Barlow and I did an audio IChat AV session yesterday. Barlow has some interesting thoughts about this on his blog. When I was in Helsinki, Matt Jones also talked about how he kept Skype on all the time in the background with his partner who was in another country and felt her presence through the ambient sounds. Another person told me about how he listened to his daughter's piano practice on Skype.

My sister calls it "ambient virtual co-presence" in her paper (pdf) about Japanese mobile culture. She talks about this in the context of texting and talking on the mobile phone. She discusses how the value was not always in the content being exchanged, but in the fact that people felt connected when they were constantly exchanging traffic. The "connection" can be IM, voice, text messages or just about anything that allows you to feel someone's presence.

Over a decade ago, Barlow blew my mind with his essay, "Selling Wine Without Bottles: The Economy of Mind on the Global Net" I think the next one is, "It's not the wine, it's the company" or something.

As Barlow points out, when all this stuff becomes literally free, we can do it "always on" instead of being so m-time "hello/goodbye" about phone calls. I do think audio will become a part of presence. My sister focuses on how mobile computing is a seamless part of our real world instead of the traditional "real life/cyberspace" notion of something we are either in our not. I think combining these two things is an area that will really change the way we live our lives for better or for worse.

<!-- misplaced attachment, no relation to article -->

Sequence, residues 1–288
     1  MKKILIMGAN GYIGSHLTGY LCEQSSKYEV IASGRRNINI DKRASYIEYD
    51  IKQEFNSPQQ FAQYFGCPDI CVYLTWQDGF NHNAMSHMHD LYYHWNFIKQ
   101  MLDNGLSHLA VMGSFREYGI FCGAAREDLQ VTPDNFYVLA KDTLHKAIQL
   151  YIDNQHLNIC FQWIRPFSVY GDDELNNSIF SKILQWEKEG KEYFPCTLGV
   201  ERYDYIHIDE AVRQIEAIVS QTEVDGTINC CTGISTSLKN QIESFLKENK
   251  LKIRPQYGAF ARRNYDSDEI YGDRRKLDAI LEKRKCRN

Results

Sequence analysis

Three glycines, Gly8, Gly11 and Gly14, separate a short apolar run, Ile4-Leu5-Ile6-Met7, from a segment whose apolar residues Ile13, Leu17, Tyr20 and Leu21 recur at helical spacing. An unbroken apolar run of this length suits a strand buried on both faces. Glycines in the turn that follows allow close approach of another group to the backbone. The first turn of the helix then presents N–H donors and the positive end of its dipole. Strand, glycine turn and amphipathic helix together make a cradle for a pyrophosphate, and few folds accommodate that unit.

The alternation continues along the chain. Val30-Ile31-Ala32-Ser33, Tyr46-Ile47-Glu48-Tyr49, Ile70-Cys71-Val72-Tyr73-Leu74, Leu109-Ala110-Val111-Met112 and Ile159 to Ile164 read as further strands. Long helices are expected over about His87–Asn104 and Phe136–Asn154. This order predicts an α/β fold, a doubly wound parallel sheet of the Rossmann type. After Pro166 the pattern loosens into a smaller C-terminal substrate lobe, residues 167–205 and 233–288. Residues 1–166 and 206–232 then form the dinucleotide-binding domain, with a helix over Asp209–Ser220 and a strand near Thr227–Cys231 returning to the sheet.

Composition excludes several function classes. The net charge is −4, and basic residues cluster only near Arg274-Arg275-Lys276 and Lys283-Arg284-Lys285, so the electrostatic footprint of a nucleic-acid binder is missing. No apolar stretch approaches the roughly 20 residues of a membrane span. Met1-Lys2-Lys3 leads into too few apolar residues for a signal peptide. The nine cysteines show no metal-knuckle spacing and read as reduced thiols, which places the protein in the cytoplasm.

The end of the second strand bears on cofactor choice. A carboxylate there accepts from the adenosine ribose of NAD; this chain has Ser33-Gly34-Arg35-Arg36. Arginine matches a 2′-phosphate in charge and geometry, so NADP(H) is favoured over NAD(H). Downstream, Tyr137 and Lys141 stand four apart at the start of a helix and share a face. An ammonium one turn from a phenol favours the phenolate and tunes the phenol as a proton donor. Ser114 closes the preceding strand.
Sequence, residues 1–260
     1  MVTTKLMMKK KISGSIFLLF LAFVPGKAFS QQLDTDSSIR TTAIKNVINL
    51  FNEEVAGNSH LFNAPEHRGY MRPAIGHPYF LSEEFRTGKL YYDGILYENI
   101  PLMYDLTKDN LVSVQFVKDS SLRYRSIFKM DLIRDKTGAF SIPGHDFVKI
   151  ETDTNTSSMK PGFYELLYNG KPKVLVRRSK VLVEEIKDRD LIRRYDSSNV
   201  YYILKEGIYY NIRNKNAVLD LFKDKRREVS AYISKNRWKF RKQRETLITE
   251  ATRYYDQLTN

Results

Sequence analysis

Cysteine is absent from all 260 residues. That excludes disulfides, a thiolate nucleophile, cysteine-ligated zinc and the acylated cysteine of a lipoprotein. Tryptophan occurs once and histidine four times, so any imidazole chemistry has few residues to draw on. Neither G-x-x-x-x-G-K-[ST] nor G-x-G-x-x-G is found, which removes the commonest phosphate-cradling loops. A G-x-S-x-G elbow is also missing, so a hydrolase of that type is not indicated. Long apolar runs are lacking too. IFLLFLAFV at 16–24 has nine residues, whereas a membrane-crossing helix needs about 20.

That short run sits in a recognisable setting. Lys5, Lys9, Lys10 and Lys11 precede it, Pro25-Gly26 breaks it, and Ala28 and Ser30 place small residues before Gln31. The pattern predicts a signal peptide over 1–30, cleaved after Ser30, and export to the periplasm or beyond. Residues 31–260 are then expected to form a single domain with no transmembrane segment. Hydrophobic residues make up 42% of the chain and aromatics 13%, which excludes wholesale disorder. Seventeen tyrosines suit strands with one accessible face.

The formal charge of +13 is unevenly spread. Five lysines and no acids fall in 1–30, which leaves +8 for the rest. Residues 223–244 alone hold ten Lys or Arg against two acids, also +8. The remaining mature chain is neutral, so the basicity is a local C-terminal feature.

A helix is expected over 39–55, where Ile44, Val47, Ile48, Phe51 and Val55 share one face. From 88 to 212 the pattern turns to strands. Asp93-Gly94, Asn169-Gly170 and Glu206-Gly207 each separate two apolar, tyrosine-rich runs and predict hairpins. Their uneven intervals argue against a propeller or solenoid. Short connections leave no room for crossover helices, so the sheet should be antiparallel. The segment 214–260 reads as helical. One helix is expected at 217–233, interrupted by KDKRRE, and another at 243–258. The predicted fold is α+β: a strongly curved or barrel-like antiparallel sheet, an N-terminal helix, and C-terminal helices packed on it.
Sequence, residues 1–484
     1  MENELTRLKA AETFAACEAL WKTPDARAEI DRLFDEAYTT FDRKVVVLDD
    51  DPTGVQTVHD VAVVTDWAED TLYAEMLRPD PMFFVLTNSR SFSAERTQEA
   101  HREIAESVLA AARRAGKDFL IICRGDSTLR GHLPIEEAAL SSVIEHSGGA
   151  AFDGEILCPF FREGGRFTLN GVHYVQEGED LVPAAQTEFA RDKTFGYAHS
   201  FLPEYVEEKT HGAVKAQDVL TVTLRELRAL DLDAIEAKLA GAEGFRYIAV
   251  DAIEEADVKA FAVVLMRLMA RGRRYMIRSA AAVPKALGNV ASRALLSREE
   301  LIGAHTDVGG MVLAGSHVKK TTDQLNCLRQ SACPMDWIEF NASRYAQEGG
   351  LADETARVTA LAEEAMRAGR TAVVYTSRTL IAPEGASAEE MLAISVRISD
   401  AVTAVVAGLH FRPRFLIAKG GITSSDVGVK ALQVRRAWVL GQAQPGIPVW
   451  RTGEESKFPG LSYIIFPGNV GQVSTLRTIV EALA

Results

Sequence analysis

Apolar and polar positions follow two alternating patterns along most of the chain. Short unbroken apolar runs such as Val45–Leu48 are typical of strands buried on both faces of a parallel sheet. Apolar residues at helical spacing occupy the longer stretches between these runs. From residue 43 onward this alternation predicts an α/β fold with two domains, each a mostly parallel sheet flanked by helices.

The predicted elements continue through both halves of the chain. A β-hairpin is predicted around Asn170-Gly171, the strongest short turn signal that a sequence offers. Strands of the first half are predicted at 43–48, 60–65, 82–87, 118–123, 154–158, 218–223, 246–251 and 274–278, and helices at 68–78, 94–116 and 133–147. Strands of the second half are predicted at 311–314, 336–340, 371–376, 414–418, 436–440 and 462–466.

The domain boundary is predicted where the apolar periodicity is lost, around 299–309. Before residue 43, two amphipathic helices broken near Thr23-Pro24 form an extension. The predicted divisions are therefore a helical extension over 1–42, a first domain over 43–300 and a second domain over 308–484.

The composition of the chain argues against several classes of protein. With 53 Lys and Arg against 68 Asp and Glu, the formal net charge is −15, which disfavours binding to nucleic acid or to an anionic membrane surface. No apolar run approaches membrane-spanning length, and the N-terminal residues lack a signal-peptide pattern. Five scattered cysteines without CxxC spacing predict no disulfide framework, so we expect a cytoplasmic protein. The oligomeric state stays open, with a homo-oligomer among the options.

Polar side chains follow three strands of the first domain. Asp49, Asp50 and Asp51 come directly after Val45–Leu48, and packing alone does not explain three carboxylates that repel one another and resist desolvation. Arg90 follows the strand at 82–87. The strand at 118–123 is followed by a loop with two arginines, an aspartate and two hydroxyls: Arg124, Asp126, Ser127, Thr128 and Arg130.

4 Comments

I agree this is a potential shift in the way we work or play in a distributed world. Just as MSN etc became a change in the way distributed offices work - being able to click a link and ask a question being equivalent to peeking over the cubical wall.

What I'd really like - and haven't seen yet - is an application that allowed me to do this three or more way, so that we could have all our team in the same virtual audio space, and replace the less-than-perfect conference calls we do frequently.

Conventional land line prices also seem to be dropping. We just got unlimited long distance in the US for a fixed price (I think $20/month), and are now suddenly making lots of "casual" long distance calls to relatives and friends. The same type of thing happens: we can sit on the phone for an hour and listen to our nephews and niece play with their XMAS gifts.

Having the capability to host a number of conferences simultaneously makes this even more likely. I've been experimenting with a product that has the capability Mitra is looking for above with zero latency that will run on a PC. Skype is also working on a similar solution. This capability will redefine the virtual office and will advance knowledge sharing practices. These two posts may help http://www.henshall.com/blog/archives/000637.html
and http://www.henshall.com/blog/archives/000657.html

Not having to install a program would also reduce the barrier (especially for non-technos) to acheiving ambient virtual co-presence. The Switchboard lets you acheive a virtual audio, and text space using only your web browser and Java. When conferencing is implemented it'll be a seriously easy way to have a conference call with anyone who has a web browser.

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